• ANTH 573 Current Issues in Environmental Anthropology (2)

  • GH 514 Global Societal Determinants of Health (2-3)

Epidemiology

  • EPI 511 Introduction to Epidemiology (for non-MPH students) (4)

  • EPI 512 Epidemiologic Methods (for non-MPH students) (4)

Policy and Implementation

  • ENV H 584 Policy and Politics (3)

  • GH 541 Fundamentals of Implementation Science in Global Health (4-5)

  • GH 523 Policy Development and Advocacy for Global Health (3)

 

Capstone Experience (3 credits)

All participants must complete a culminating capstone project and students are expected to find their own capstone project. All students completing the certificate are required to present their oral capstone projects (usually in Spring quarter). Students each develop and present an oral presentation during a special capstone presentation session. Students will register for an independent study, 3-credit course.

Students will identify a topic, project or practice site, and submit a brief proposal to the certificate coordinator, Vickie Ramirez (ramirezv@uw.edu). Ms. Ramirez will help support students in choosing their topics and gaining access to sites, though students will be expected to be self-driven, will be responsible for choosing their own courses, choosing their own capstone project, and work with the site to allow them to do their capstone with them.

The capstone for the certificate is separate from a master's thesis or doctoral dissertation and the student may not use any portion of their thesis or dissertation as their capstone project. However, if there are aspects of their projects that have not been used in their thesis or dissertation, they may use these components for their capstone. The capstone project must directly relate to issues relevant to One Health. (For example, work with a population of animal workers such as dairy farmworkers or veterinarians, or work on a specific emerging zoonotic disease or the human animal bond either in the US or internationally could be an appropriate capstone project.)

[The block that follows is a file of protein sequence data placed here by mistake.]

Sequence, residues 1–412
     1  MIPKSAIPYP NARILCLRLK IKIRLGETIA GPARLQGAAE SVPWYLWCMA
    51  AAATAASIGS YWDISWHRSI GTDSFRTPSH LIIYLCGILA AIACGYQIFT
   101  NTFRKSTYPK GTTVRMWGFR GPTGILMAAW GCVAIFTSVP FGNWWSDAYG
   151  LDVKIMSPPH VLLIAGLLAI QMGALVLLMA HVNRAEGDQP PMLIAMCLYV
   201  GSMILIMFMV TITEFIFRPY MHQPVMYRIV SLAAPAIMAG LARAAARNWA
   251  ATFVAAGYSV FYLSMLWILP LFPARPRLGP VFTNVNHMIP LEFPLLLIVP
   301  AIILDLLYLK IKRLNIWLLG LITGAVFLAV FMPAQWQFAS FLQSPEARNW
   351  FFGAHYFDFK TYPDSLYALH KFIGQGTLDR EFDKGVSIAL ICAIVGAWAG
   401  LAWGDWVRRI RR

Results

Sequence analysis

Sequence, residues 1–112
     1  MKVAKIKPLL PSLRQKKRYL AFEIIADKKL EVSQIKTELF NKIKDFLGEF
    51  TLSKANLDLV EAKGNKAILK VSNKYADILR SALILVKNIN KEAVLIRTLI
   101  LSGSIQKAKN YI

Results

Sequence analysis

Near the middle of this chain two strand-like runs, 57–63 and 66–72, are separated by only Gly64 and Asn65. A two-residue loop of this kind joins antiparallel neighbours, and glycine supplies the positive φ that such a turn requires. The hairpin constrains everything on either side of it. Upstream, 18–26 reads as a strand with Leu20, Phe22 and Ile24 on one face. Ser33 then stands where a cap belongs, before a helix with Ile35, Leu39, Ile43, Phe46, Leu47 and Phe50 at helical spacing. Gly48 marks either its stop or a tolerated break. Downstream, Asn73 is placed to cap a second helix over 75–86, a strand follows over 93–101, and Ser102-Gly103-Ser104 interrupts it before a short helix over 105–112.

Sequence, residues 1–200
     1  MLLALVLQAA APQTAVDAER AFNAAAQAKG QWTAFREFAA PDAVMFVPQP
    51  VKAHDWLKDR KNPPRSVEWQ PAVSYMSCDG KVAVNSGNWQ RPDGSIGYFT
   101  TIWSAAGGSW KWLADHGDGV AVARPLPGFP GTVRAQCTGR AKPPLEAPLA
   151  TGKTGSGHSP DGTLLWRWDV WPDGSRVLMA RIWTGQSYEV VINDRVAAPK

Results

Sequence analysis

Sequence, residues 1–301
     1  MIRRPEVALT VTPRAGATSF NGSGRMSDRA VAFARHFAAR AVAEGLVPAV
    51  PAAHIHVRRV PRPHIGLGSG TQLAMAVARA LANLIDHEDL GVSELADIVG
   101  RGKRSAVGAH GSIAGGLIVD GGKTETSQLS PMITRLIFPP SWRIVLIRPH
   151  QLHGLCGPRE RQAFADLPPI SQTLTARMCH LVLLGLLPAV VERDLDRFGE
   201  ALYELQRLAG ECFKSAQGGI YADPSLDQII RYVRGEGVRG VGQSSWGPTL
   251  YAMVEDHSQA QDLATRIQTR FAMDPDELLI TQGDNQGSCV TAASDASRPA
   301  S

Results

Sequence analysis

Capstone projects will be evaluated during the oral presentations by Center faculty and associate faculty working in the One Health paradigm following a rubric based on the learning objectives above.

 

Admissions and Mentoring

We expect 3-5 students per year advancing towards the One Health Certificate, and we will cap enrollment at 10 students completing the certificate per year (up to 20 students at any given time). We will take Master’s and PhD students from all departments at UW. The admission’s process requires an application to enter the Certificate program and a meeting to assess the applicant’s interest level and ability to complete the program in a timely manner. Certificate coordinator, Vickie Ramirez, will monitor

admissions, track student progress and submit the request to GEMS for granting the certificate. Ms. Ramirez will be available for office hours weekly for students to visit.

Periodic meetings (1x per quarter) will be held with students working toward the certificate to promote a sense of cohort. Students will also be invited to COHR lab meetings to interact with those students who are working in the Center towards a degree with in One Health at the Human-Animal Interface (OHHAI). They will utilize this time to bounce research/analysis questions off COHR students, faculty and staff. The pathway to receiving a certificate will have oversight by the Director and Associate Directors of the Center for One Health Research (COHR), as well as faculty affiliated with the chosen certificate focus (climate focus, public health, global health, etc).

 

Department Sponsoring

The Center for One Health Research in the Department of Environmental and Occupational Health will be responsible for administering the Certificate Track.

 

Contact Information

Vickie Ramirez, Center Manager, Certificate Coordinator, ramirezv@uw.edu, office 206.685.2654